At the same time, the more interesting thing we learn is the facts behind Petyr Baelish’s duel with Brandon Stark – Baelish seems to have tried a similar tactic to Bronn in choosing mobility over armor, but faced an opponent intelligent enough to match his opponent rather than give any advantage however slim; we see the intensity of Baelish’s desire for Catelyn, begging her for a favor, refusing to give in until he’s virtually on the point of death, and even calling out her name when he thinks he was dying. Most importantly, we see the origins of a deep enmity – forbidden Catelyn’s presence, Baelish refuses Edmure’s friendship as “her brother had acted as Brandon’s squire at the duel and Littlefinger would not forgive that,” and following that “Lord Hoster Tully sent Petyr Baelish away in a closed litter” back home, which would have been a torturous experience for someone half-healed from such a wound. When we combine this knowledge with the fact that this must have coincided with Hoster Tully forcing Lysa to abort Petyr’s child, then we can see the roots of an obsessive hatred of Houses Stark and Tully that has lead to the virtual extinction of both Houses as a result of Petyr’s actions.

Historical Analysis:

For someone so well versed in the historical literature, this chapter contains one of George R.R Martin’s few mistakes – namely, that he makes use of the old cliche that plate armor was so heavy that it heavily restricted knights in battle. This is a really old trope in historical fiction and fantasy, going back to early and inaccurate stories about the Hundred Years War in which, for example, knights at the Battle of Agincourt were said to have died because they fell off their horses and couldn’t get back up to their fight. This percolated into Dungeons & Dragons which decided that plate armor should be heavier and more restrictive in movement than chain mail (despite the opposite being true), and from there into the genre as a whole. 

While we're at it, no sword in the world has weighed 10 pounds.

While we’re at it, no sword in the world has weighed 10 pounds.

The reality is that full plate armor is, in fact, some of the easiest armor to move in, far less encumbering than chainmail. Plate armor is designed to distribute the weight evenly across the body as opposed to hanging straight down off the shoulders like chainmail does, and is thus much, much easier to move about in and less tiring than the ringmail Bronn’s wearing. That’s one of the reasons why it was incredibly expensive.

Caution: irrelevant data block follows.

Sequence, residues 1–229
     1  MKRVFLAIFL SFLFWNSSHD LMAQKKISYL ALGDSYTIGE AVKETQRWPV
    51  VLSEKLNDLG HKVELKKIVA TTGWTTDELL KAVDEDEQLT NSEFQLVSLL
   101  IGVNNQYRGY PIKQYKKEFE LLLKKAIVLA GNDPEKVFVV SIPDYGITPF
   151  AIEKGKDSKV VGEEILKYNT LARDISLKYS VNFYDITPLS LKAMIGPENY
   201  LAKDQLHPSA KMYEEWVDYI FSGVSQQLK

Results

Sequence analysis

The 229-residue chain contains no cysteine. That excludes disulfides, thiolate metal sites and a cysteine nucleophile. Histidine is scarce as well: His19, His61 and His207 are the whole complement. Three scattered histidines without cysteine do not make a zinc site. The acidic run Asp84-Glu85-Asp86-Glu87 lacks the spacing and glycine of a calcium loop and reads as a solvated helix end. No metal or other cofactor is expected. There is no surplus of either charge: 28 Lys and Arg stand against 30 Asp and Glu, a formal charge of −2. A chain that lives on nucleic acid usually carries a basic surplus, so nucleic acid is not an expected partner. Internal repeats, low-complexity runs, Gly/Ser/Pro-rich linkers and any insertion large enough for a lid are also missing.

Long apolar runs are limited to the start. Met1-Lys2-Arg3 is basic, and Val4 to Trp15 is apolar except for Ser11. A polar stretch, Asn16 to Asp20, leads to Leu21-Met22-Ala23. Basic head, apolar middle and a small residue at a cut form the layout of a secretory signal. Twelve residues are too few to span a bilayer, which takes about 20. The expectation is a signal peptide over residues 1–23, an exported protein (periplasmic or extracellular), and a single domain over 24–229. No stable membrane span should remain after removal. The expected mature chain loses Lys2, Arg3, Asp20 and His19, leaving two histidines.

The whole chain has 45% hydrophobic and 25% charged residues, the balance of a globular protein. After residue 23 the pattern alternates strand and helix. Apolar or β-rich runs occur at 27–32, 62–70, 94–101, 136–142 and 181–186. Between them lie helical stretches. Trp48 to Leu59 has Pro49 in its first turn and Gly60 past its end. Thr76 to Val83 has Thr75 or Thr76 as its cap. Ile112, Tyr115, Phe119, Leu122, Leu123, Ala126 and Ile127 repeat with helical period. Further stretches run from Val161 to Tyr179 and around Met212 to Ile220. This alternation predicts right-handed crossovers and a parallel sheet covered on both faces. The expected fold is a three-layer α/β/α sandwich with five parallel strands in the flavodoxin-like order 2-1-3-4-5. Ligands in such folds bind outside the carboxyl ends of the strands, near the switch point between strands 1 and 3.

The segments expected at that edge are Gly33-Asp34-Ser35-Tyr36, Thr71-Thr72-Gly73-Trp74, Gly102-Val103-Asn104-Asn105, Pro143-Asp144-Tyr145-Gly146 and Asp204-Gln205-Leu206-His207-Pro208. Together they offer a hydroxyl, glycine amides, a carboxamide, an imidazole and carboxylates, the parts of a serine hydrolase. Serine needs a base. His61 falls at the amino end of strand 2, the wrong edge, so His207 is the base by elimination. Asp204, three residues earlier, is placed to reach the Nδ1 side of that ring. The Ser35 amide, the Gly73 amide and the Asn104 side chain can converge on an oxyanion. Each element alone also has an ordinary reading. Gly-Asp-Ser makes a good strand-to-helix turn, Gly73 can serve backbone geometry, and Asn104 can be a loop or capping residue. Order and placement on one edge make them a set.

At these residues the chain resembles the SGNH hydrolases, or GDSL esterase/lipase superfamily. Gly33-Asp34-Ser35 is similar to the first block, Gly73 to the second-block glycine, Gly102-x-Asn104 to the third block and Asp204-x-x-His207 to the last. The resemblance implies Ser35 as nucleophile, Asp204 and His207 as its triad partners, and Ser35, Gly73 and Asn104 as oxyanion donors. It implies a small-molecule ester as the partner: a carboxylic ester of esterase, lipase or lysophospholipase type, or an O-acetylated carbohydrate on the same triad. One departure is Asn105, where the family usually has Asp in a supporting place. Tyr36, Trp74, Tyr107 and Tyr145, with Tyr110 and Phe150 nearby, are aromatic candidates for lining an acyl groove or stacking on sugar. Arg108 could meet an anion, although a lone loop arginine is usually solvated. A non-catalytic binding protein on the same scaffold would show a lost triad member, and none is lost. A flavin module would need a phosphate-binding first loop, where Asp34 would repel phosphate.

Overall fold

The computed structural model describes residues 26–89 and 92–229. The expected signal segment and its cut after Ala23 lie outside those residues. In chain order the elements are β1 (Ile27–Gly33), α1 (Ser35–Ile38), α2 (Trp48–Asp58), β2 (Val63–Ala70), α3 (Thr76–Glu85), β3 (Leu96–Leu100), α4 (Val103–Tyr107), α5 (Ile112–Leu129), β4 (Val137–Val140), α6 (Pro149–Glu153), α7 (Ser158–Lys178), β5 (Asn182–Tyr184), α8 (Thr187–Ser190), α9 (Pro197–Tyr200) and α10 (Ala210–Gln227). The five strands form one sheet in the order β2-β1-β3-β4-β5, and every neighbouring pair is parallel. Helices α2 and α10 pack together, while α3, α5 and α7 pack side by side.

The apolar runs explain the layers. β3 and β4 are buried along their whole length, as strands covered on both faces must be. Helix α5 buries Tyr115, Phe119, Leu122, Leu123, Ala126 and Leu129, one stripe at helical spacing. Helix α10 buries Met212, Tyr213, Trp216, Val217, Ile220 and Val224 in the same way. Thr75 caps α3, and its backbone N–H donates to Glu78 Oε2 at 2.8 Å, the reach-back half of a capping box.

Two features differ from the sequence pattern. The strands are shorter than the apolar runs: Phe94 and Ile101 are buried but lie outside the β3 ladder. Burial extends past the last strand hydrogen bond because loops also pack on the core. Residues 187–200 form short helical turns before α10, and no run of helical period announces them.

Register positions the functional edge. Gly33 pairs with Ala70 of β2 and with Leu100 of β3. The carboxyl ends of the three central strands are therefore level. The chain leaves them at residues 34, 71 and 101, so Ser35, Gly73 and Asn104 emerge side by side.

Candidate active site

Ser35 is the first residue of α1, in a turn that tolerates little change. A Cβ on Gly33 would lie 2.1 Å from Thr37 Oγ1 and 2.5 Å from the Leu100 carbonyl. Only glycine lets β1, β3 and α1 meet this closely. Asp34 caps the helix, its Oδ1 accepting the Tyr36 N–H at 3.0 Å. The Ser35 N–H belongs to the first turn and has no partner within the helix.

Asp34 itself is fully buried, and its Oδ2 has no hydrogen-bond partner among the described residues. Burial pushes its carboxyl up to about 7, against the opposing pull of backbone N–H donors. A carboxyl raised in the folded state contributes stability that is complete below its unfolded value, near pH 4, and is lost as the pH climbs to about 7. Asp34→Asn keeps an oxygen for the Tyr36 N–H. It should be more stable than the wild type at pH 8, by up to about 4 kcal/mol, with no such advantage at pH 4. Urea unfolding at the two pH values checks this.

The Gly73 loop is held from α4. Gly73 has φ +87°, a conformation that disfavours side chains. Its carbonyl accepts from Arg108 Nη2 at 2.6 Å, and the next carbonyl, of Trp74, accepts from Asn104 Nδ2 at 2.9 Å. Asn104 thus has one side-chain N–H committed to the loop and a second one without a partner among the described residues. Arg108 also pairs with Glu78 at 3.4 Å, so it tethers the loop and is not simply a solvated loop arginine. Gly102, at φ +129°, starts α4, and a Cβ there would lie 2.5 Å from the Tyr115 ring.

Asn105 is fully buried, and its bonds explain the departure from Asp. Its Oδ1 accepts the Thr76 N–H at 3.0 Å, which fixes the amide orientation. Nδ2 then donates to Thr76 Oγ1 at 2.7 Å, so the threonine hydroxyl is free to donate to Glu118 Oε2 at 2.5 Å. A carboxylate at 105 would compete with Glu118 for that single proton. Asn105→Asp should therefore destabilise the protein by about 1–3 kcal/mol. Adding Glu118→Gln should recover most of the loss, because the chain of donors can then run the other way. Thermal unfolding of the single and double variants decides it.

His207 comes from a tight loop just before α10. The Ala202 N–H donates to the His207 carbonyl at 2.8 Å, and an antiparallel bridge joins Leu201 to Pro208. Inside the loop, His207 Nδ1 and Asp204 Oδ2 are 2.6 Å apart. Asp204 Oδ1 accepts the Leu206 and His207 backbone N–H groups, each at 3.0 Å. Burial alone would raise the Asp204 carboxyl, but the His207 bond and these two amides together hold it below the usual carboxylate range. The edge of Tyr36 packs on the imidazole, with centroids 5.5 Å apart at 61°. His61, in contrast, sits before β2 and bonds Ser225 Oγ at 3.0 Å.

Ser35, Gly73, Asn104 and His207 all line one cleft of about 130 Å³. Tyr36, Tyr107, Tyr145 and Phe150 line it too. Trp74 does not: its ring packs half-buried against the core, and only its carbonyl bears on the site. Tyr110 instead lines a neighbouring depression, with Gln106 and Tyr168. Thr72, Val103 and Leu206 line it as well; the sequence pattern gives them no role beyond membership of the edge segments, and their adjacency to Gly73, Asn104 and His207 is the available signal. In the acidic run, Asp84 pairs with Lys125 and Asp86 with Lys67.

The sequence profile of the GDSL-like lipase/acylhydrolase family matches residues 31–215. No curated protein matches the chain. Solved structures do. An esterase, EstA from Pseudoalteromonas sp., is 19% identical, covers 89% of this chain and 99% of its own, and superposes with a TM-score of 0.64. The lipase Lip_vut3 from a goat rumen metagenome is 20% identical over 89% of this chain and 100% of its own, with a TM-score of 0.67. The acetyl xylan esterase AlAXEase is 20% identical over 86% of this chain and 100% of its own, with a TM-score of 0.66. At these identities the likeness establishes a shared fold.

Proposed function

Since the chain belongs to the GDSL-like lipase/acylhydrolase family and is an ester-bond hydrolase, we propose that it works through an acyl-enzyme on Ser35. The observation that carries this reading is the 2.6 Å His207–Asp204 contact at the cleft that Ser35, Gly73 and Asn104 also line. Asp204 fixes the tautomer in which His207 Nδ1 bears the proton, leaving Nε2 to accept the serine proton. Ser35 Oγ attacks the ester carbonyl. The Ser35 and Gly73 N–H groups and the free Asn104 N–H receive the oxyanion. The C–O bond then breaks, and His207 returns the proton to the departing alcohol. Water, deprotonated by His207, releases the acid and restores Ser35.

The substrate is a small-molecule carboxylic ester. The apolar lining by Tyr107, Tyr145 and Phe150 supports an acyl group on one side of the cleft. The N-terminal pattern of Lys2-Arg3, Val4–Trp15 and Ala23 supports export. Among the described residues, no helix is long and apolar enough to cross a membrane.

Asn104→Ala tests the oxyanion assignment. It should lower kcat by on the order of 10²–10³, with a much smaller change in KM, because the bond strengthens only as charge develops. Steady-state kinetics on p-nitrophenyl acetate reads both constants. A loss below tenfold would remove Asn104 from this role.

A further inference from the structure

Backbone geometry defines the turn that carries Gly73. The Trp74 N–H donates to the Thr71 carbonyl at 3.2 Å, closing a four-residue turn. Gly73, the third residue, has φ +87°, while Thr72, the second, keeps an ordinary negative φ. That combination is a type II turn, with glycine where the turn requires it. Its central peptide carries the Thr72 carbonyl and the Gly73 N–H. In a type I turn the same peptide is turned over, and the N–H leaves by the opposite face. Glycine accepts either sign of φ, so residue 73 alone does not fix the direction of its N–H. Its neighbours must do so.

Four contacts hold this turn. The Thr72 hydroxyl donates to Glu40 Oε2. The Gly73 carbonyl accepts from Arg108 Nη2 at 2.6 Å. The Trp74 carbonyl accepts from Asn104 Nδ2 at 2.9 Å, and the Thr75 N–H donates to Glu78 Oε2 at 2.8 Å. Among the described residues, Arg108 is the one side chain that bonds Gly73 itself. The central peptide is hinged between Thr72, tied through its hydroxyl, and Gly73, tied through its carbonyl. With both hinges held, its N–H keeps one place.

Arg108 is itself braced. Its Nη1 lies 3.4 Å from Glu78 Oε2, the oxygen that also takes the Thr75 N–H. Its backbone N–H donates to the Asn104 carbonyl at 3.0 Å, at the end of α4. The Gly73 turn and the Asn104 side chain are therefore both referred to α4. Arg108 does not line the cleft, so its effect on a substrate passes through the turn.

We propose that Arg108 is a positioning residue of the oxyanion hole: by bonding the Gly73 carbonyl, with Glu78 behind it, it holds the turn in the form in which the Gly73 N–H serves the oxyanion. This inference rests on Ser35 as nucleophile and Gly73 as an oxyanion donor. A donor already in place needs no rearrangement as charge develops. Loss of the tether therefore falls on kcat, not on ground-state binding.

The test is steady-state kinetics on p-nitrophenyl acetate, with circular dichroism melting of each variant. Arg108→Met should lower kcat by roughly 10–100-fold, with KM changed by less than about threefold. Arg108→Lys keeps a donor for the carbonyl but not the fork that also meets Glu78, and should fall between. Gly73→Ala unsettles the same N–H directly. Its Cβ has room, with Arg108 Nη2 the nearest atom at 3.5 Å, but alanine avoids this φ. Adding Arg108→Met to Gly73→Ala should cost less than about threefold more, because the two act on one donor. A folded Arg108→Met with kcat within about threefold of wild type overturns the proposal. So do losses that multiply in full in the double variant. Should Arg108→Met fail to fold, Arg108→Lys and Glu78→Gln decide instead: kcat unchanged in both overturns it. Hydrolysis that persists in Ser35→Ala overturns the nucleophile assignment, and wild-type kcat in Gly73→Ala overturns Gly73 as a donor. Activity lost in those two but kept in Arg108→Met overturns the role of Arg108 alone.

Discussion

As you can see from this clip, you can move about quite easily in plate armor, doing jumping jacks, pull-ups, etc. You can find even more video evidence here. Simply put, Ser Vardis shouldn’t have tired out faster than Bronn on account of his armor – the difference in their ages and the massive shield might have had something to do with it, but not the armor. However, the size and weight of his shield is also really out of whack: the kite shield Ser Vardis is using was used in the early Middle Ages prior to the invention of plate armor and would have weighed about 6-12 pounds, which isn’t great but it’s not that heavy; by the time that full plate came around, knights were using the smaller and lighter heater shields (in part because the invention of full plate meant that you didn’t need to rely on your shield as much and could instead use a smaller shield to deflect swords rather than to absorb blows) which weighed 4-7 pounds or bucklers, which weighed between 1-3 pounds.

Ultimately, I think GRRM is simply going with the inaccurate picture of armor because it works better thematically, contrasting the pomp and pride of the nobles of the Eyrie with the crude practicality of Bronn the sellsword.

What If?

There a couple possibilities suggested in this chapter for hypothetical scenarios, often offered by the characters themselves, which I have to say I appreciate as it makes my job much easier: